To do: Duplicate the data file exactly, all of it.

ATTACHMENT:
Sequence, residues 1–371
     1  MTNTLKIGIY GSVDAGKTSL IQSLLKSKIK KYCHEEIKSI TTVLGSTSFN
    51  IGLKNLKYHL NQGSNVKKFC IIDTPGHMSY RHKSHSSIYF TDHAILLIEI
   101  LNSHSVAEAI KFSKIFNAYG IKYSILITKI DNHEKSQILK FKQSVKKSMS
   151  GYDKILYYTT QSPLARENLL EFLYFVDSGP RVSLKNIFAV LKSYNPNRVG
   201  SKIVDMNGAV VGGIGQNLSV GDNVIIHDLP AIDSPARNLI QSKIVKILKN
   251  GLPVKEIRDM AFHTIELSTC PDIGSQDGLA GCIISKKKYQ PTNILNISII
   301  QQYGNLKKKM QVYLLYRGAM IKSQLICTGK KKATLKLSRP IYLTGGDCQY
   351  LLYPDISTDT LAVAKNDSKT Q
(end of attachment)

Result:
Sequence, residues 1–371
     1  MTNTLKIGIY GSVDAGKTSL IQSLLKSKIK KYCHEEIKSI TTVLGSTSFN
    51  IGLKNLKYHL NQGSNVKKFC IIDTPGHMSY RHKSHSSIYF TDHAILLIEI
   101  LNSHSVAEAI KFSKIFNAYG IKYSILITKI DNHEKSQILK FKQSVKKSMS
   151  GYDKILYYTT QSPLARENLL EFLYFVDSGP RVSLKNIFAV LKSYNPNRVG
   201  SKIVDMNGAV VGGIGQNLSV GDNVIIHDLP AIDSPARNLI QSKIVKILKN
   251  GLPVKEIRDM AFHTIELSTC PDIGSQDGLA GCIISKKKYQ PTNILNISII
   301  QQYGNLKKKM QVYLLYRGAM IKSQLICTGK KKATLKLSRP IYLTGGDCQY
   351  LLYPDISTDT LAVAKNDSKT Q